Leader: At last, change we can believe in

"This is what change looks like," declared Barack Obama late on Sunday 21 March after his healthcare bill was approved by the House of Representatives. Change, it turns out, is a messy business. The health legislation absorbed much of the president's first year in office, involved countless compromises, received no support from across the political aisle, and will still leave 24 million Americans without medical insurance.

Further, as our man in Washington points out on page 18, the Republicans, should they regain control of Congress in November, could kill off some of the reforms enshrined in the new law. Nevertheless, this remains a historic achievement, extending health-care access to 32 million more Americans, and is rightly compared to Lyndon B Johnson's "Great Society" reforms a half-century ago. It is far too early to judge a president who promised so much, but Obama can only be emboldened by this hard-fought success. He faces challenges at home and abroad - most pressingly in his dealings with an intransigent ally, Israel - but Obama has finally proved that "change" is more than a campaign slogan.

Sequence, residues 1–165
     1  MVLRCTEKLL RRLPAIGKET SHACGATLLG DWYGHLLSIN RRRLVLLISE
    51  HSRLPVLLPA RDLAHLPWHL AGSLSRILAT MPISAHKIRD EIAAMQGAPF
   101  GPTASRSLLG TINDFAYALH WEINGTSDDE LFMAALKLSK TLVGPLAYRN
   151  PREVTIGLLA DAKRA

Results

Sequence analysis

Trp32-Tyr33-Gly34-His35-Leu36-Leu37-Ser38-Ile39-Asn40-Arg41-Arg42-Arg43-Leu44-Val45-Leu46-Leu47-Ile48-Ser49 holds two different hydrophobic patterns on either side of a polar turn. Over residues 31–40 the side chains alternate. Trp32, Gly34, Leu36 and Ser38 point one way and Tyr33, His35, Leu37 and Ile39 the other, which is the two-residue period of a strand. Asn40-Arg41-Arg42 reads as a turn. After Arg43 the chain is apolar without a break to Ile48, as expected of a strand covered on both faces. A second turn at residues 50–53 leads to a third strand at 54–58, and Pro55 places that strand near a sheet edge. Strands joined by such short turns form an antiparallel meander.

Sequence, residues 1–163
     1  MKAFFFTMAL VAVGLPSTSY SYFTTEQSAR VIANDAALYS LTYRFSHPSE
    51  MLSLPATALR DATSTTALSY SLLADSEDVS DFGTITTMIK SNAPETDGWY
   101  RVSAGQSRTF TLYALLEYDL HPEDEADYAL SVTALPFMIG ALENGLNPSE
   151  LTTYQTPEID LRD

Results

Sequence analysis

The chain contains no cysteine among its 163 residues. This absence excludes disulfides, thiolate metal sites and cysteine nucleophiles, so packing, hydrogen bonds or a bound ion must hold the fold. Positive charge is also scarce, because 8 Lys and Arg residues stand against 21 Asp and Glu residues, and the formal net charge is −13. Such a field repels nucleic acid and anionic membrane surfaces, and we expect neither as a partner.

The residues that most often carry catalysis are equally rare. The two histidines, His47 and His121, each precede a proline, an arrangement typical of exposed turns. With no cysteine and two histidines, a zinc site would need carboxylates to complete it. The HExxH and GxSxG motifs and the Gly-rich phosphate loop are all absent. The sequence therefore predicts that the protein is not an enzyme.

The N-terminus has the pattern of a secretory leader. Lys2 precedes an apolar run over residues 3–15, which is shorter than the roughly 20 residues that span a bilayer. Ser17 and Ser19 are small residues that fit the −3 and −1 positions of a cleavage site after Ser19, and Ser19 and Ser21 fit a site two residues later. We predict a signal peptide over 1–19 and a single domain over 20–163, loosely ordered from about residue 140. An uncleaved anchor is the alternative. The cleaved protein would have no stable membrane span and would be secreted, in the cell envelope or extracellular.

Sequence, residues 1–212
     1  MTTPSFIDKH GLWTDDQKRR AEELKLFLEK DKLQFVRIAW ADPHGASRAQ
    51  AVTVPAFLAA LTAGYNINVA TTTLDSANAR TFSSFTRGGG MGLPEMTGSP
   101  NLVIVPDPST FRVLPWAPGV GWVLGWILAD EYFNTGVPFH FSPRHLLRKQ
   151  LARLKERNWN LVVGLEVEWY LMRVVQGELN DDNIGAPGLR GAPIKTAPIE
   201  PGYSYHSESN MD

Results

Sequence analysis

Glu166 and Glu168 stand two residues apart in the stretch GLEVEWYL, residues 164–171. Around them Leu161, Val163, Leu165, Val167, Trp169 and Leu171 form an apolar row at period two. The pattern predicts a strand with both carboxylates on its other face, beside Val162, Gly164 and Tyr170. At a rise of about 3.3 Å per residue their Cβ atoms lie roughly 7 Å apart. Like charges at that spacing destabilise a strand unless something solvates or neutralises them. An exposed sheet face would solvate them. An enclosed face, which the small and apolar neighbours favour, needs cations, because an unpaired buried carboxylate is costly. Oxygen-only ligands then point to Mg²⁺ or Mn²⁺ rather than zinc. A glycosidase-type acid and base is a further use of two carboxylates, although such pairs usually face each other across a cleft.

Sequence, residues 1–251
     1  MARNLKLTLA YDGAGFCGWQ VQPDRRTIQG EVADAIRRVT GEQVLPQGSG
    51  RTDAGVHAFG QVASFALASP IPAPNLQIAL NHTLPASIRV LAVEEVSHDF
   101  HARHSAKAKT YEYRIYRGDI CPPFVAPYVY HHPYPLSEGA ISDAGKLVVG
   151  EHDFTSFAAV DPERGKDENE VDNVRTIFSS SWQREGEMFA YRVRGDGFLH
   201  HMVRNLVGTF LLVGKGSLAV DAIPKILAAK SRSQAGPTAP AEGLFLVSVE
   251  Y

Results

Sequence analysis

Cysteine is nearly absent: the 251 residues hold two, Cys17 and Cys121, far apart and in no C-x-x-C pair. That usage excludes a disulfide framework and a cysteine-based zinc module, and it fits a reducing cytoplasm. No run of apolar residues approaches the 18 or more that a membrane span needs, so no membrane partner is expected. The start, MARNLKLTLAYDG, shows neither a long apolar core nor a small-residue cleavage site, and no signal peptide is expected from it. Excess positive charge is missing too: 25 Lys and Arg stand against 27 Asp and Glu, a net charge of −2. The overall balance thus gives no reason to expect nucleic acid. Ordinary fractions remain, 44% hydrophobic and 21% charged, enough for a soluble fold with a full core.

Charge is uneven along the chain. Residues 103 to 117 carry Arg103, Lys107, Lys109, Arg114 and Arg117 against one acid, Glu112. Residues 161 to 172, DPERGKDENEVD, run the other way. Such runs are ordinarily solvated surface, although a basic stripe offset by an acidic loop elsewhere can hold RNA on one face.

This article first appeared in the 29 March 2010 issue of the New Statesman, Hold on tight!